A colleague recently asked me about the top three qualifications in public relations, today and in 2025.
It was for a curriculum review at a university’s journalism and mass communications school.
My first thought was about the tsunami of change we’ll see in the next 10 years. It would be easier to predict what the next three to five years will bring.
The Future Work Skills 2020 report by the Institute for the Future came to mind. Smart machines, new media and global connectivity are just some of the trends reported that will shape the future of PR and corporate communications.
For today, Tell Me About A Train Wreck, my blog post on what I’m looking for in a new hire, led me to the top qualifications for 2015:
- Critical thinking. Using reasoning and and systems thinking to make decisions and solve problems is the foundation for this field (and many others). This is a key skill in the framework for 21st century learning.
- Writing – for a social, mobile, global and video-based world. Writing reflects sound thinking. And in a world suffering from information overload, writing today has to be clear, concise and compelling.
- Business acumen. A thorough understanding of the business, the competition and the industry is key to successful PR and corp comms. Give equal weight to learning about PR and the business world.
As I started projecting future qualifications, I ended up with the same three. Yet, those will hardly be sufficient for what the world will look like a decade from now. So to those foundational skills, I would add:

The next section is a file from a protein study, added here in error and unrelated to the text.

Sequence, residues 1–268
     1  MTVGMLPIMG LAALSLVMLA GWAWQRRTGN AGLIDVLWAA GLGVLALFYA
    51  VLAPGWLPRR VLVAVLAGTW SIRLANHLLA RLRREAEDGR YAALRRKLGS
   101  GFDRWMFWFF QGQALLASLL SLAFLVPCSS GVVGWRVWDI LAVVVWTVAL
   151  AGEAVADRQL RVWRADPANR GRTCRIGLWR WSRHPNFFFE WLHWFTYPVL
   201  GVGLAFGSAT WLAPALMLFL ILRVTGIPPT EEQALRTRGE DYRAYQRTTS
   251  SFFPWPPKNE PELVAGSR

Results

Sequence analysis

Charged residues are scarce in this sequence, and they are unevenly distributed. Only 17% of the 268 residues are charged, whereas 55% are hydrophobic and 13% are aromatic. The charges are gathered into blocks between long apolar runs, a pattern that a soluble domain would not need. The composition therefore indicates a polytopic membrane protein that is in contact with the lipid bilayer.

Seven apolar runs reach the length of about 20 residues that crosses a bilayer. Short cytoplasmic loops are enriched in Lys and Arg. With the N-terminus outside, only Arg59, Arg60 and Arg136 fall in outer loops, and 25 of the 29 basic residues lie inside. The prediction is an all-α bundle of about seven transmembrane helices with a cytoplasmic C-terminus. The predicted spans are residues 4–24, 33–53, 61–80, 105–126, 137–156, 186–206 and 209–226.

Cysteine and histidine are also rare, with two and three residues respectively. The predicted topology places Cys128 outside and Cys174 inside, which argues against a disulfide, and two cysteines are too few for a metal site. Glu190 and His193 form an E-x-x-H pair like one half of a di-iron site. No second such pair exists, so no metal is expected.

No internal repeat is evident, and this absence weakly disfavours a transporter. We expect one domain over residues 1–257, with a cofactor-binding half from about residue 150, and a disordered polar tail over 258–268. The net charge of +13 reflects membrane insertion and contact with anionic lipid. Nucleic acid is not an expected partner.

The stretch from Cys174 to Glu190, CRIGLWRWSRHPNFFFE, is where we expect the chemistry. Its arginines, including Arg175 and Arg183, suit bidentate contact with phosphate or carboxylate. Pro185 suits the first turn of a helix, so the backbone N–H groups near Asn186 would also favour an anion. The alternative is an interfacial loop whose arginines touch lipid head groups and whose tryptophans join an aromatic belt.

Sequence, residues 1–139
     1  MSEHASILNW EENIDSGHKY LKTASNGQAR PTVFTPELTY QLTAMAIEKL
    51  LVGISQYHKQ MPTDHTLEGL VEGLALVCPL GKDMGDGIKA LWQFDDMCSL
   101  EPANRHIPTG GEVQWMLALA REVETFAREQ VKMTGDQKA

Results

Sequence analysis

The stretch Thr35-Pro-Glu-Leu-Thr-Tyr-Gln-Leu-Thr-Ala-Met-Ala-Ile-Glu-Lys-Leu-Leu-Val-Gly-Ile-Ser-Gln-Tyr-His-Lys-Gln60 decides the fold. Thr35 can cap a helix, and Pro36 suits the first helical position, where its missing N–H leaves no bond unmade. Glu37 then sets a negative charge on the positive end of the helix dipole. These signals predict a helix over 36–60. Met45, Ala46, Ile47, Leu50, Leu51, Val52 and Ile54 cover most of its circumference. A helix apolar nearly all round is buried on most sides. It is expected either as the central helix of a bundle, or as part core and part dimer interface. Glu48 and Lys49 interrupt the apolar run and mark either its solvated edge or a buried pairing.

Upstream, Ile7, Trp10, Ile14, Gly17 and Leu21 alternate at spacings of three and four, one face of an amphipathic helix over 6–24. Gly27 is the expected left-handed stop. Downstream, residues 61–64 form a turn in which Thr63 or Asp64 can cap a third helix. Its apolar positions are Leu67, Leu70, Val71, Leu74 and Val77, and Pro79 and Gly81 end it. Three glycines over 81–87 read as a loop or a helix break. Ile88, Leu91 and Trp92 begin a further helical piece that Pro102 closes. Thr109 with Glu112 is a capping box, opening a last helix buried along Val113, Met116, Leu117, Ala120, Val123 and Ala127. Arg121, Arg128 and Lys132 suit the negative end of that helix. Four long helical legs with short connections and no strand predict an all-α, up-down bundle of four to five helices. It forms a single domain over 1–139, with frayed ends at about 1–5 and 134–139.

- Tech savvy. This encompasses everything from video production to learning to code. As the Wall Street Journal reported, it’s about gaining “procedural literacy” and thinking about how processes work in the world. In the PR realm, it will become increasingly important to bring art (writing) and science (technology) together to engage and influence people in the future.
- Data analysis. With the explosion in data creation, it will become increasingly important to analyze data, see patterns, choose an appropriate course of action, and know how to ethically and appropriately present data to change behaviors. This is also vital to consider on a personal branding level through Michael Fertik’s The Reputation Economy.
- Creativity. This is another 21st century skill. And it’s one that’s closely linked with innovation. With data, technology and information, a creative ability enables connections and something new and fresh from considering and combining seemingly disparate ideas and concepts.
With so much to learn, where’s a good place to start?
Often, it’s by doing one new thing and taking just one step.
As a new school year kicks off, I’m recommitting to learning a new language with my Spanish studies. My husband is brushing up on his Italian, and our children are heading back for the first day of school.
What are you learning this fall?